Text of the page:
My contribution will be to offer an introductory level navigation activity.  With the help of Rebecca, who is a Trust intern, I have set out a course for a stand-alone trail from the park to Friars Crag and back through Cockshott Woods.  Becky took on the task of producing the trail leaflets and signs.  You can just pick up one of those trail leaflets and head off or I will be on hand if you want some help or advice.

    By the time you have completed the trail, you will have gained some experience in the two key areas of navigation – in which direction and how far do you need to walk?  You will learn something about compass work, hand-railing (following a natural feature in the landscape) plus the timing and pacing of fifty metres.  These will be fun to learn now and might be very useful in future.

    Hi, it’s Daisy here.

    I’m losing my teeth.  I’ve got two sets of canines at the moment.  Is this normal?  Roy seems to think it is.

  • The return of the Yorkshire team.

    10:58 07 May 2013
    By Roy Henderson

    Last week saw the annual visit of a group of regional volunteers from Yorkshire.  I’ve now been working with this group for 15 years.  Some of them have been coming for several years now and it’s great to see them again and also to welcome new faces.  These are people who are experienced team-workers with a wide range of skills that they have developed working in different Trust properties.  Add some time from my local experienced volunteers and a huge amount of work is completed in a couple of days.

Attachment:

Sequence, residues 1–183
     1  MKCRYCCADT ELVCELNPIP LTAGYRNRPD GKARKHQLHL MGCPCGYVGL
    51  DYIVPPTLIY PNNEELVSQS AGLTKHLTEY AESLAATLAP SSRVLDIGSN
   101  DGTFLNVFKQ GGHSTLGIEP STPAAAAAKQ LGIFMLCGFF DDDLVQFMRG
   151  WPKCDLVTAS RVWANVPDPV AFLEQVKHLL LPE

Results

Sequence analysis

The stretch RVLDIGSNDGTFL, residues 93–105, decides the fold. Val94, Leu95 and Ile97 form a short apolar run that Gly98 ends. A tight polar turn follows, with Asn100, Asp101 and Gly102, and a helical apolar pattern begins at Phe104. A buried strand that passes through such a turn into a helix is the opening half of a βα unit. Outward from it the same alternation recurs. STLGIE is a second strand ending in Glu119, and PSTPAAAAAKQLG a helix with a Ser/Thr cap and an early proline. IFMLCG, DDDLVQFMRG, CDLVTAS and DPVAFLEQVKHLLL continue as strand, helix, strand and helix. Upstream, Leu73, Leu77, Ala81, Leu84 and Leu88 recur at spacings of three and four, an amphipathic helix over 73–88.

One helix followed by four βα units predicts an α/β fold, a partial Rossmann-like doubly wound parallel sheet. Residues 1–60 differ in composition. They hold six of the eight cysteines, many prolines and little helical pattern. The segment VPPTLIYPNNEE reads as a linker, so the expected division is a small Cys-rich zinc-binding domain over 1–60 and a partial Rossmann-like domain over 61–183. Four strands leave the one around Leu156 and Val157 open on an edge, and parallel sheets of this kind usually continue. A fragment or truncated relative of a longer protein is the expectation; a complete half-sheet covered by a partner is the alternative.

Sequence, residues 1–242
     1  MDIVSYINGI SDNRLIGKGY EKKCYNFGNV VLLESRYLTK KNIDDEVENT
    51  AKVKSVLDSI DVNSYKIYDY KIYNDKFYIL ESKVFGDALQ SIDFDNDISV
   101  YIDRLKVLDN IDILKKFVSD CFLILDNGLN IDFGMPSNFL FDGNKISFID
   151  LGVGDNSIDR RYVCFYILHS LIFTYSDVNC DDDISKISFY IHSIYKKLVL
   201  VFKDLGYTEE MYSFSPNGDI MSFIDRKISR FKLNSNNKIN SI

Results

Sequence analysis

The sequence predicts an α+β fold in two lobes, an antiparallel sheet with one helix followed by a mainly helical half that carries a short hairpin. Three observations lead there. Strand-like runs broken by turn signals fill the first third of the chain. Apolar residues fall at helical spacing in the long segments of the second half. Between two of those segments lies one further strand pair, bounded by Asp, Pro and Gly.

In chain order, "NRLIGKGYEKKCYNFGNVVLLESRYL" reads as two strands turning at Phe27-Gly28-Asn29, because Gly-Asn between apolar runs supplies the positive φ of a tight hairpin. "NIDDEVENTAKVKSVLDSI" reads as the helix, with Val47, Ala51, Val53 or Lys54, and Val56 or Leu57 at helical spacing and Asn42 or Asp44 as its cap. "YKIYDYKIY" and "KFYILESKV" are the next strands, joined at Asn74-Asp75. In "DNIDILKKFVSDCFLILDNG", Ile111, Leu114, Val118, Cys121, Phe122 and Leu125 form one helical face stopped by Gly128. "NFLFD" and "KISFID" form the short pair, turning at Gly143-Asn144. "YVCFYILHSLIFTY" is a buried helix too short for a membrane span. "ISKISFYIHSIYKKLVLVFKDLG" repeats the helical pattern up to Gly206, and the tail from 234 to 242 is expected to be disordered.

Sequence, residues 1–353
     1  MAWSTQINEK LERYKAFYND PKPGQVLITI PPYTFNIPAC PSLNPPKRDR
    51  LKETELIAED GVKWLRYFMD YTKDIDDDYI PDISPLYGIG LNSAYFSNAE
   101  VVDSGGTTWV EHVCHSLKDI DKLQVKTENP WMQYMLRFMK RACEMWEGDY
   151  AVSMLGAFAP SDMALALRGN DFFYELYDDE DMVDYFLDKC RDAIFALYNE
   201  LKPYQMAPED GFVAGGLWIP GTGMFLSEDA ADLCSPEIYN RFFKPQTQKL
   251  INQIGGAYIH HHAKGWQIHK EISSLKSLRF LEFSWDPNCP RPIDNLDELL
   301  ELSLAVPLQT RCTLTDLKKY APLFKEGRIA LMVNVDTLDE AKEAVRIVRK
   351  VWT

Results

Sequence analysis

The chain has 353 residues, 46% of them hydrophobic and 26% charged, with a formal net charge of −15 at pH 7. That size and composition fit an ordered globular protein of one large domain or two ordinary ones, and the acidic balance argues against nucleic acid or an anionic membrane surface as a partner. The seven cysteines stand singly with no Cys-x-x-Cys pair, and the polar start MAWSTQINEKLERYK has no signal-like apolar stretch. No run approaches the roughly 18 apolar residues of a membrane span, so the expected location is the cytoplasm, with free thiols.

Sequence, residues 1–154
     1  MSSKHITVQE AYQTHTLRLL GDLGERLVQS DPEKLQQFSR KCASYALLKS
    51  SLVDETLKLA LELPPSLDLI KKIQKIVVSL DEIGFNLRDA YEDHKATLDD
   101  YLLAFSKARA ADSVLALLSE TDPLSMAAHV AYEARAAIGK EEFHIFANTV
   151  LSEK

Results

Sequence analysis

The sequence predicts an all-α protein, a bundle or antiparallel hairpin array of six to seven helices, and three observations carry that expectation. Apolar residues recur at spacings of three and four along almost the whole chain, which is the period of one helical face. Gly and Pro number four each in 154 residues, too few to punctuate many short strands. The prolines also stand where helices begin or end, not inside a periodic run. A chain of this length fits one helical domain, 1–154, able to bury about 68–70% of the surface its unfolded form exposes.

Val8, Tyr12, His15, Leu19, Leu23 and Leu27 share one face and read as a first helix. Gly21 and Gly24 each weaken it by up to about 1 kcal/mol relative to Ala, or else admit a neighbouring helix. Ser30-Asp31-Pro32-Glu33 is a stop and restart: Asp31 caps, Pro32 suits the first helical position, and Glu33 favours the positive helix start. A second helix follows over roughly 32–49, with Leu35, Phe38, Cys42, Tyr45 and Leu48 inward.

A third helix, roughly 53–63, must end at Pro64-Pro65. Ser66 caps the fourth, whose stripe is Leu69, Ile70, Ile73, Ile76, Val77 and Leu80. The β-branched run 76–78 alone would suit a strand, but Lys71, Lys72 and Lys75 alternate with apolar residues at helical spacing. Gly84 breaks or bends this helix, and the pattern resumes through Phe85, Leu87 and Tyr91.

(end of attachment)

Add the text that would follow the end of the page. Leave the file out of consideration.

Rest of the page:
On Day 1 we worked on the eastern shores of the lake clearing the pathway of debris left behind as the higher water levels of winter begin to fall. We also did a bit of dry-stone walling either side of a gap in a wall that allows us access with machinery when we need it.

     On Day 2 we moved into Cockshott Wood and continued with the clearing of the pathway there.  If we don’t do this maintenance regularly, the pathway will quickly become overgrown and all the hard work to make it accessible for all will be wasted.  If you walk a well-maintained National Trust path, there’s a good chance that volunteers play a big part in keeping it in good condition.  They really do deserve huge thanks from us all – they do sterling work.

    Elsewhere in the week, the Mountain Rescue team has been very busy with call-outs to several incidents.  Overall, these have involved working with two air-ambulances, two Sea-King helicopters and another rescue team.

    It’s Daisy again.
    If I sleep on his jacket, he won’t forget me.

  • A path for everyone.

    10:41 01 May 2013
    By Roy Henderson